Beyond Access Africa Masiphumelele, via Flickr Commons.

The African School of Internet Governance (AfriSIG) just concluded much-needed learning that successfully exposed us to the multiple layers of the issues surrounding internet governance and the role Africa plays on the global scale.

AfriSIG was launched in 2013 as an annual five-day residential course, run by the Association for Progressive Communications (APC). Its goal is to develop a pipeline of leading Africans from diverse sectors, backgrounds and ages with the skills to participate in local and international internet governance structures, and shape the future of the internet landscape for Africa’s development.

Given the continuing reality of the COVID-19 pandemic, this year’s AfriSIG was held virtually over two weeks, from 4 to 15 October 2021. Over the course of those two weeks, we came to view access to the internet in a new way.

Time and again, whenever discussions around the need to create access and connectivity to the internet on the continent have been raised, one would wonder, where is the infrastructure to provide internet services sustainably and equitably across the continent? Inevitably, our thoughts would turn next to whether we have sufficiently solved the issues surrounding poverty, health, education and energy to decide that access to the internet is a needed right in Africa.

More recently, however, we have witnessed an accelerated need for internet connection, usage and adoption brought to the fore by the COVID-19 pandemic.

As a continent, Africa has seen steady growth in internet penetration from a rate of just 0.78% in 2000. The internet usage rate had reached 28.2% by 2019, according to a report by the International Telecommunication Union (ITU), but Africa remained the region with the lowest usage rate. In Europe, the region with the highest internet usage, the rate was 82.5%. Moreover, there are major disparities in access and use across the continent. The same report revealed that sub-Saharan Africa has the highest number of people without access to an internet connection.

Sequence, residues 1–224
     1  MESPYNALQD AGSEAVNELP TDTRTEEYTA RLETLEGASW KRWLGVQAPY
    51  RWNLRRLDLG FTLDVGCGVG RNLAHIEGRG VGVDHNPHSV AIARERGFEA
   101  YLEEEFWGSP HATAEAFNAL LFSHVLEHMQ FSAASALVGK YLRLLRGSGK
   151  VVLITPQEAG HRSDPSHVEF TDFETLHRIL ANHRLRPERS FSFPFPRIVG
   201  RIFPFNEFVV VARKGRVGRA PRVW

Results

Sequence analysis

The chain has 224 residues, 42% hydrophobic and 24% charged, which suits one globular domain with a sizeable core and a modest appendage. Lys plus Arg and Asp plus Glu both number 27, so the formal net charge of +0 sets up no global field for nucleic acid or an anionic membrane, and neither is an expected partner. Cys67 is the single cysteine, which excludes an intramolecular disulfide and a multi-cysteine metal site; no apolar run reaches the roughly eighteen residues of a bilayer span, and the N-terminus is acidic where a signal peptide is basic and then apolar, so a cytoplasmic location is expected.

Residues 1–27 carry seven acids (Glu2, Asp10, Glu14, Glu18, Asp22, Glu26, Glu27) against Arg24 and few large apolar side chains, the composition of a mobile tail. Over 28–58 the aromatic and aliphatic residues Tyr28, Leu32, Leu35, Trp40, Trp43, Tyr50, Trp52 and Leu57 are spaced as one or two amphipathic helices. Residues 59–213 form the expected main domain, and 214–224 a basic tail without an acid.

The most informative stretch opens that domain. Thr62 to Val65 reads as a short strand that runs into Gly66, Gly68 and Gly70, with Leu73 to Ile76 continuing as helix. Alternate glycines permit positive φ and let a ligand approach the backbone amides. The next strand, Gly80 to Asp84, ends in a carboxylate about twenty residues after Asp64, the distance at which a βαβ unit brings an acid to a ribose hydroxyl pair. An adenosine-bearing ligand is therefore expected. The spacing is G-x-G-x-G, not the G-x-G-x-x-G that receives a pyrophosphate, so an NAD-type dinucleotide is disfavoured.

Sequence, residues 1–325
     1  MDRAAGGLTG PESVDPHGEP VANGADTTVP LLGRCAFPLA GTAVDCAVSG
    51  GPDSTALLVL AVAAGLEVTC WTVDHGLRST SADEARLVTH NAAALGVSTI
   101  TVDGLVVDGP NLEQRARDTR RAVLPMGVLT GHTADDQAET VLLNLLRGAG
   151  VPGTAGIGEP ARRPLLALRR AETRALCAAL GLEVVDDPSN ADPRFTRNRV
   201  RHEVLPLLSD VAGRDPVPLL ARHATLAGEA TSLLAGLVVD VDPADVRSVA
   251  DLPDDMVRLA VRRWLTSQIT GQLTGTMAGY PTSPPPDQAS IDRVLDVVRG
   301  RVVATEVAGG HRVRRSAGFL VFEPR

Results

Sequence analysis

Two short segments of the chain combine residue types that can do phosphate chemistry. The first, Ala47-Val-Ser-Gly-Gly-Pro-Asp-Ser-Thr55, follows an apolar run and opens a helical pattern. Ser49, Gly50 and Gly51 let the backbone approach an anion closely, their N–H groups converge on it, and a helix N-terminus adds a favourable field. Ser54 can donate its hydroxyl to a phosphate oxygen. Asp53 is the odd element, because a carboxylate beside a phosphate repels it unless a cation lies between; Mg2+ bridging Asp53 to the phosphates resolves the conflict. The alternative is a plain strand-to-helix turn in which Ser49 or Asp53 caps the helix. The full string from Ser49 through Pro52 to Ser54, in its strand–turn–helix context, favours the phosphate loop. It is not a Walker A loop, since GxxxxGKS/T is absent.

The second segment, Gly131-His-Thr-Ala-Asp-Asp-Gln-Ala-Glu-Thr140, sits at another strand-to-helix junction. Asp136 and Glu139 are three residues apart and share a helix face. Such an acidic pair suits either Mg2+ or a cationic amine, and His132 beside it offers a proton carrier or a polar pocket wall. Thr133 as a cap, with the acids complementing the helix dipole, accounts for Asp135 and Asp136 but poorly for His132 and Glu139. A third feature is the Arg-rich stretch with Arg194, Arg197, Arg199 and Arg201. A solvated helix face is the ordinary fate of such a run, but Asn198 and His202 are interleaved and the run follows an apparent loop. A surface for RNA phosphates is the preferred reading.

The ITU report goes on to show that over half of the total global female population, 52%, is still not connected to the internet, compared to 42% of all men. Nevertheless, while this “digital gender gap” has been shrinking in regions like the Commonwealth of Independent States and Europe, it has been growing in Africa. By 2019, the year that the report was released, the percentage of the male population on the continent using the internet was 33.8%, compared to 22.6% of the female population.

From our personal experiences, having been born and brought up in the everyday realities of Africa, we were not aware that access to the internet was key to human rights. In 2016, the United Nations Human Rights Council adopted a resolution on the promotion, protection and enjoyment of human rights on the internet, which affirmed that the same rights that people have offline must also be protected online, while the inventor of the World Wide Web, Sir Tim Berners-Lee, has stated that access to the internet is in itself a human right. At the same time, we have had the privilege of witnessing some of its benefits. Nevertheless, we did not believe that it was as important as the right to life or livelihood, in the same realm as food, for example. When people are poor and hungry, they are not thinking about connecting with the rest of the world.

However, the pandemic has shown us the undisputedly critical role that the internet plays in our lives. As a result, now we know and believe there will be no equality and equity if a large percentage of the world has no internet access. Attending AfriSIG 2021 contributed to changing our thoughts about how Africa’s internet needs must be considered side by side with other critical gaps, such as providing sustainable energy solutions, health services and education, among others. Of course, since the pandemic, the most crucial need is for African governments to rethink how much Africa needs the internet and the role it plays in our daily lives.

So, should we start talking about giving people smart devices and internet access, or must we solve poverty and health gaps on our continent? These kinds of questions simultaneously hold contradictory beliefs. They are paradoxically leaving us with more questions than answers.

Well, this is not a debate of what should precede sustainable and equitable internet provision. It is a contribution to an ongoing conversation and research on the need for internet access as an enabler of basic human rights. African governments, in collaboration with other stakeholders, should provide internet connectivity just like the right to food, education and health.